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HF Beam Antenna Polarization

Aug 19th 2014, 02:05

WA9WVX

Joined: Apr 4th 1998, 00:00
Total Topics: 0
Total Posts: 0
I've been an Amateur Radio Operator for 45+ years and I have never seen anyone using their HF Multi-Band 10 thru 20 m Beam Antennas in the Vertical Position as they are always Horizontally Polarized. Of course for CW / SSB horizontal does cut down on man-made noise but when you look at a Multi-Band Omni Directional Vertical Antenna it always presents a very low radiation take off angle good for working DX stations.

By my own experimenting on the 2 m band, I had a 40 element phased collinear array up at 65 feet and I could rotate the array 90 degrees from horizontal to vertical and witness a minimum of 20 dB and a maximum of 30 dB in the Tx / Rc signal strength. Years ago I had a friend who was an avid DXer who had worked a station in the Antarctic on a Thunderbird Mark V Beam on 20 m & the signal was S9 and he thought, Why don't I switch to the Hustler Vertical? So he did and the receive signal increased to 20 dB over S9 absolutely an arm chair copy and the DXer was stunned. Why are we under utilizing our HF Beam Antennas?
Aug 19th 2014, 15:12

N0NB

Joined: Apr 4th 1998, 00:00
Total Topics: 0
Total Posts: 0
This is an area that could benefit for more experimentation. I think that the horizontal position is mostly a choice of practicality. An HF yagi oriented in the vertical position would need to be some distance from the parallel mast and/or tower to avoid interaction. We accept the trade-off that comes with the ease of mounting such antennas on a tower.

Last year QST published an article by Eric Nichols, KL7AJ, titled "Gimme an X, gimme an O" that offers some ideas into the reception of signals refracted from the ionosphere.

Before I was licensed I would look at the drawings in the antenna book and handbook that described take-off angle and wondered why it wasn't common to be able to tilt the antenna for the desired distance. I've since learned that it is much more complicated than that! Antenna height above ground and the surrounding terrain are among the most important factors affecting take-off angle it would seem.

There is still a lot of opportunity for experimentation and perhaps even some discovery.

73, Nate
N0NB.us
Aug 20th 2014, 05:09

WA9WVX

Joined: Apr 4th 1998, 00:00
Total Topics: 0
Total Posts: 0
Hi Nate,

I suppose you're right to some extent about mounting the antenna boom a bit differently but this can be accomplished by using a M2 elevation rotor (the smaller one) where the Multi-Band Beam's Boom can be inserted right through the M2 elevation rotor to change the Polarization 90 degees. The M2 elevation rotor will handle up 3" pipe and from my experiments on 2 m, the elements don't need to be exactly vertical, maybe 5~10 degree off so the tower and mast pipe will not interact while transmitting. I've heard that RF bounces off the atmosphere layers and the earth twisting the signal but I don't believe this is really happening as it maybe someones thoughts from years ago. Perhaps I should get in touch with Eric KL7AJ for his thoughts on my post. I wish other people would put their thoughts or 2 cents worth in on this subject.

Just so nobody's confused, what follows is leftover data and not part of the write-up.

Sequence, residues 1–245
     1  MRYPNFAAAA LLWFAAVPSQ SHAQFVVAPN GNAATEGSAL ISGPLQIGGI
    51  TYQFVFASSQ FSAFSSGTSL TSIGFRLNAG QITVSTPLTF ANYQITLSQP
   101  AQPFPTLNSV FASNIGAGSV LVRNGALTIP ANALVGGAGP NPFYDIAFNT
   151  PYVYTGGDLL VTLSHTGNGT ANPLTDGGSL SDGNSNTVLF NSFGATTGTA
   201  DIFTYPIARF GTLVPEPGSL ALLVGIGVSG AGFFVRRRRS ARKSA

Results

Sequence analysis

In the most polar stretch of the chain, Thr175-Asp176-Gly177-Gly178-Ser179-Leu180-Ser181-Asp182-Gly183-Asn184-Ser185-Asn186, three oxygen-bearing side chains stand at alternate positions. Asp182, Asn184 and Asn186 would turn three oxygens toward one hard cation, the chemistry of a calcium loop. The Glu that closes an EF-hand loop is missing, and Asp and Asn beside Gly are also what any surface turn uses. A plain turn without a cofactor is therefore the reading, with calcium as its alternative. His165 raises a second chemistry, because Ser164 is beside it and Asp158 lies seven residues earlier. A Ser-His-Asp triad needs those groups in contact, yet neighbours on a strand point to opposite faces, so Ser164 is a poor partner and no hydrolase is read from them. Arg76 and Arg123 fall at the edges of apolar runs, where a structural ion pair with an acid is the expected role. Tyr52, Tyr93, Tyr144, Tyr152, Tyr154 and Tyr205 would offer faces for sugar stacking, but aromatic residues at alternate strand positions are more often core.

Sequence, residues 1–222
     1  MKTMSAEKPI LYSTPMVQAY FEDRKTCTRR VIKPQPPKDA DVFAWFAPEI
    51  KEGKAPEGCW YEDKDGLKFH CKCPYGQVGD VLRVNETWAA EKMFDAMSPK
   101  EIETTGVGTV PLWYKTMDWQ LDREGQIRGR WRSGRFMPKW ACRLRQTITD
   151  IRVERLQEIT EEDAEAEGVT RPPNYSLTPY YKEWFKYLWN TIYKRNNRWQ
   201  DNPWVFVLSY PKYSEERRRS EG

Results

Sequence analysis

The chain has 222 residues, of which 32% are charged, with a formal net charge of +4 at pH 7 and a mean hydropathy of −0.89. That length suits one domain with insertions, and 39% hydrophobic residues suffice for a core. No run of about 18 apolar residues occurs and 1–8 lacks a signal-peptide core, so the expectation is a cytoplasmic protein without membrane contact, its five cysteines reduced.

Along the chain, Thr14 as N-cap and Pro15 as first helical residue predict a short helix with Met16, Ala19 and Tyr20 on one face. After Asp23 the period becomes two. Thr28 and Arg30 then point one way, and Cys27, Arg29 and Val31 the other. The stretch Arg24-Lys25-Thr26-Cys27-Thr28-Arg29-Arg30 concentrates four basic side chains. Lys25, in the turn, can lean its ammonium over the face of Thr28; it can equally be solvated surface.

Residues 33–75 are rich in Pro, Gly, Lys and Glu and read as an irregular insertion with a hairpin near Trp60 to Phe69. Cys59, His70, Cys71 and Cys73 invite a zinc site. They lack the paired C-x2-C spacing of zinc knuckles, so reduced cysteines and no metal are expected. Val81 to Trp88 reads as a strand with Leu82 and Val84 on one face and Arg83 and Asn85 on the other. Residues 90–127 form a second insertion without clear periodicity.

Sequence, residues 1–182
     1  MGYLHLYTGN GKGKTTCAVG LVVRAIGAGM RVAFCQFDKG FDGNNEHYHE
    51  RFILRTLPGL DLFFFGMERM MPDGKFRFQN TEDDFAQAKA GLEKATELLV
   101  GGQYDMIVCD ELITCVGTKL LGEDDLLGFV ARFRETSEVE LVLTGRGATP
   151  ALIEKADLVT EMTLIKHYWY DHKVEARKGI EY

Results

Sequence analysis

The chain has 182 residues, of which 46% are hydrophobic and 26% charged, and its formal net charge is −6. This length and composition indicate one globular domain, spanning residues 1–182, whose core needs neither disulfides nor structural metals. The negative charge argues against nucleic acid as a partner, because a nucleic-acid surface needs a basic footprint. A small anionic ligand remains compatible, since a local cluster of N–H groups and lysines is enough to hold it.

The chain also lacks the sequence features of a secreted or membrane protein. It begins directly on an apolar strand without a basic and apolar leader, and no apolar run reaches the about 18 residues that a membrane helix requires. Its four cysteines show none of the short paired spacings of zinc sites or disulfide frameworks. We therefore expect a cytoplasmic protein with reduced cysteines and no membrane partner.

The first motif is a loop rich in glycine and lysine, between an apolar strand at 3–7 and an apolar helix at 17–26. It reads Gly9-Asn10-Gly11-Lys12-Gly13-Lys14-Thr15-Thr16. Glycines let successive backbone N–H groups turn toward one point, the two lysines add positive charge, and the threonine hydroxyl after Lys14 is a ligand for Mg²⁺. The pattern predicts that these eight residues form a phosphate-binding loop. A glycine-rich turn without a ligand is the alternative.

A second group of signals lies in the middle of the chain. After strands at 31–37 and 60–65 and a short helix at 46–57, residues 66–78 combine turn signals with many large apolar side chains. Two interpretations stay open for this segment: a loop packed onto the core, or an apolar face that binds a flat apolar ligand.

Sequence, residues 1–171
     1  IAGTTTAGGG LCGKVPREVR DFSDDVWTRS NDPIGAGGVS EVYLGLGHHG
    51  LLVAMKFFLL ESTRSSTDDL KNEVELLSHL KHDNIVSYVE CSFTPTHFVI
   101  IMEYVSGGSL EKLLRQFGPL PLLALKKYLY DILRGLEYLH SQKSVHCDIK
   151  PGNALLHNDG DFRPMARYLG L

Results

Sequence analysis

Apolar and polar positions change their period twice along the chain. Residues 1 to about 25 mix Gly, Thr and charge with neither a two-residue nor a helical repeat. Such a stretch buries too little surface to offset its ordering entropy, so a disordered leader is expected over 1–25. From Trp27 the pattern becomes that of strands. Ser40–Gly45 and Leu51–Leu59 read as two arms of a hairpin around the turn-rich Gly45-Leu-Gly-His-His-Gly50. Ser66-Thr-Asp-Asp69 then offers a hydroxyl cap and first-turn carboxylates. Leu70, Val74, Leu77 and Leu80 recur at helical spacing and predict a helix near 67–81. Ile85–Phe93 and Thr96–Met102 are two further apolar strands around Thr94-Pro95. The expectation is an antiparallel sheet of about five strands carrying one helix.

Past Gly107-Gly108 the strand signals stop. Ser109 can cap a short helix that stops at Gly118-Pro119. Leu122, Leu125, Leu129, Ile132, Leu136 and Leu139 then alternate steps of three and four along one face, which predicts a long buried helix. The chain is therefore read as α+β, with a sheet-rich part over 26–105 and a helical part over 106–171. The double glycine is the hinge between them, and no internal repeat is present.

Dan
WA9WVX
Aug 20th 2014, 05:58

KL7AJ

Joined: Apr 4th 1998, 00:00
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Total Posts: 0
Hi Daniel:
I think historically, the horizontally polarized beam became standard for purely mechanical reasons. As I mentioned in QST article that was cited (Which earned me the William Orr Technical Writing Award, by the way!), since ionospherically refracted signals are cicularly polarized anyway, you won't notice much difference in polarization...UNLESS you opt to go with a CIRCULARLY polarized yagi...which virtually no hams do! But as Nate said, this merits a lot more experimentation!

73!
Eric
Aug 20th 2014, 13:21

W1VT

Joined: Apr 4th 1998, 00:00
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Total Posts: 0

The advantage of horizontal polarization is that you get the benefit of ground gain--it is really hard to build a vertical beam with as much gain as a horizontal polarized beam. There certainly can be elevation angle advantages to vertical beams, but to some degree this is offset by the precise aiming capability afforded by the conventional Yagi/Tower. Being able to drop a noise source into a pattern null is a distinct advantage of a conventional beam.

Now that SDR receivers are becoming more common, it may make sense to connect an array of linear antennas to separate receivers and combine them with digital signal processing to optimize the polarization.

Zack Lau W1VT
ARRL Senior Lab Engineer
Aug 21st 2014, 06:20

WA9WVX

Joined: Apr 4th 1998, 00:00
Total Topics: 0
Total Posts: 0
Hi Eric & Zack,

Thanks for your input on my question. Ironically the HF beams are already manufactured, i.e. M2, Mosley, HyGain, SteppIR, Bencher. Tennadyne & Force 12 can be mounted in the vertical plane although with many of these antenna booms, they may require additional aluminum tube inserted inside of the manufactures supplied boom material to sturdy up the boom. I'm thinking that if anything has to be done, I'll have to do this myself to prove it works or not in the real world. Now for the experimenting.

Dan
WA9WVX

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